I believe using 'priori' by itself is incorrect. It should be 'a priori' (meaning prior to). Similarly, using 'posteriori' by itself is incorrect. It should be 'a posteriori' (meaning posterior to).
Here's an excerpt from the wiki link that describes them:
The terms "a priori" and "a posteriori" are used in philosophy to distinguish two
different types of knowledge, justification, or argument: 'a priori knowledge' is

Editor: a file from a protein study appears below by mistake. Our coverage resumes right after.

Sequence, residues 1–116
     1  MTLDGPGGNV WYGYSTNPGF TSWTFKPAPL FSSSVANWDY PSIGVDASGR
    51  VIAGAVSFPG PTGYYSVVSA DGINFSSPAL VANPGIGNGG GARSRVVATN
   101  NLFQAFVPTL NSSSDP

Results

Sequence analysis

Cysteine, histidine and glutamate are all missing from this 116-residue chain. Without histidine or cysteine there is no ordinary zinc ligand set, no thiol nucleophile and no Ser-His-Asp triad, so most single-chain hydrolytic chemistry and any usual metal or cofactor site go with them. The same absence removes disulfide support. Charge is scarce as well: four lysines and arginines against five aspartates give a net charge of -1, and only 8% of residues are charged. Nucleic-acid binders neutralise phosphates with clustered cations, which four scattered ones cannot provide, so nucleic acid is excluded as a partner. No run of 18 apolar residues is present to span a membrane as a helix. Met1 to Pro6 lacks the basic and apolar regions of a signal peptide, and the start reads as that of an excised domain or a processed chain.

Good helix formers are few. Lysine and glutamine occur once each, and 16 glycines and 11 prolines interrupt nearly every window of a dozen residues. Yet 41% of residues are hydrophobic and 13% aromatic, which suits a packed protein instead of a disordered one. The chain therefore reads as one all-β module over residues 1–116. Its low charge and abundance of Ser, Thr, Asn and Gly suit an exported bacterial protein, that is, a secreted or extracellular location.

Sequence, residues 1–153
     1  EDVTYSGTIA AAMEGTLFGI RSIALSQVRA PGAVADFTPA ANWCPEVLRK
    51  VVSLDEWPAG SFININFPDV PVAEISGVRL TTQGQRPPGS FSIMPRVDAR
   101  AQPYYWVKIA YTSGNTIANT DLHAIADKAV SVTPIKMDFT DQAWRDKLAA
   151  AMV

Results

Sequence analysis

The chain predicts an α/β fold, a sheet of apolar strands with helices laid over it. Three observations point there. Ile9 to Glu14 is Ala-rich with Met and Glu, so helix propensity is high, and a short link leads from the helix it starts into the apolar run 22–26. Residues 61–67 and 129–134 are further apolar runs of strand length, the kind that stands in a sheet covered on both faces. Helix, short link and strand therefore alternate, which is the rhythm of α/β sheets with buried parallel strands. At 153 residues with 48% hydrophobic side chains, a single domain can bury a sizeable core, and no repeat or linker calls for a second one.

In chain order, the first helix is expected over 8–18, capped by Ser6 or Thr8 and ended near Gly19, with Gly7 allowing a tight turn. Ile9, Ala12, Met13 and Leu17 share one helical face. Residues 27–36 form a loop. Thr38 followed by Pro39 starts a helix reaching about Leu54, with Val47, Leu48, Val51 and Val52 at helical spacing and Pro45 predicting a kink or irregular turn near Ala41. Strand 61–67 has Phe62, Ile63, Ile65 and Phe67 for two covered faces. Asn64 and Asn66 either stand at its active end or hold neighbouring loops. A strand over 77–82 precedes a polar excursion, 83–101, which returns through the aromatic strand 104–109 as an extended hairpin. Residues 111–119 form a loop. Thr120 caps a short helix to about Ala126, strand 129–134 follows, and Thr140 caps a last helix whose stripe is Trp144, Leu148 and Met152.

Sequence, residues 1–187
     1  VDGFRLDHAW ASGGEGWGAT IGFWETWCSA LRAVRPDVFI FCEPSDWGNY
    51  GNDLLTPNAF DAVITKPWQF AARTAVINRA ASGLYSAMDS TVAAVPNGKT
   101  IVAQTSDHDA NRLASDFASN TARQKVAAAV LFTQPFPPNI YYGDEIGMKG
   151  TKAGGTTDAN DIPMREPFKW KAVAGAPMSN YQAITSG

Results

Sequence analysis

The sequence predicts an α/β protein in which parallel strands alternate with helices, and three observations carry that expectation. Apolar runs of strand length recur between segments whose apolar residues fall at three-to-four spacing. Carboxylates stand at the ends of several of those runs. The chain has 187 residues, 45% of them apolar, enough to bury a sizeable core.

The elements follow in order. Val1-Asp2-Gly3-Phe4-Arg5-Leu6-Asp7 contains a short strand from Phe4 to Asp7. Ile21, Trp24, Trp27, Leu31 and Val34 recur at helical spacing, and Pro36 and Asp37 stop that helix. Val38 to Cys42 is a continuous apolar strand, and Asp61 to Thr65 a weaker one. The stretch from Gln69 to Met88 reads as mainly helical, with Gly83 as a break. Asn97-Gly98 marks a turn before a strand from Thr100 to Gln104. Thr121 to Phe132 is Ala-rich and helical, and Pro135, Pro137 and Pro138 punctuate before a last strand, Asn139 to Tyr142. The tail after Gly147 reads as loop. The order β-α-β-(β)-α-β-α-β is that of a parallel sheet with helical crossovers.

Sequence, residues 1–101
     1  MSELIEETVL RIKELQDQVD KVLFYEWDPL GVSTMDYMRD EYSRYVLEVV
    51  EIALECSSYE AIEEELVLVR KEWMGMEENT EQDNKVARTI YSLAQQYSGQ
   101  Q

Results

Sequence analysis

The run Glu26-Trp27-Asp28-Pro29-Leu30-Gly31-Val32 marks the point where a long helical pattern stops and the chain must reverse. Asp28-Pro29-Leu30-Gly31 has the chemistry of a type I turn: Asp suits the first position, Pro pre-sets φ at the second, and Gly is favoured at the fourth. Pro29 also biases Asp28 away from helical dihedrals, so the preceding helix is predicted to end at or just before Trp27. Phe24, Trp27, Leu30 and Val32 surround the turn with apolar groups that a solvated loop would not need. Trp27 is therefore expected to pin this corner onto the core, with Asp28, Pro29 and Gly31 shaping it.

known independently of experience (conceptual knowledge), and 'a posteriori
knowledge' is proven through experience. Thus, they are primarily used as adjectives
to modify the noun "knowledge", or taken to be compound nouns that refer to types of
knowledge (for example, "a priori knowledge"). However, "a priori" is sometimes used
as an adjective to modify other nouns, such as "truth". Additionally, philosophers
often modify this use. For example, "apriority" and "aprioricity" are sometimes used
as nouns to refer (approximately) to the quality of being a priori."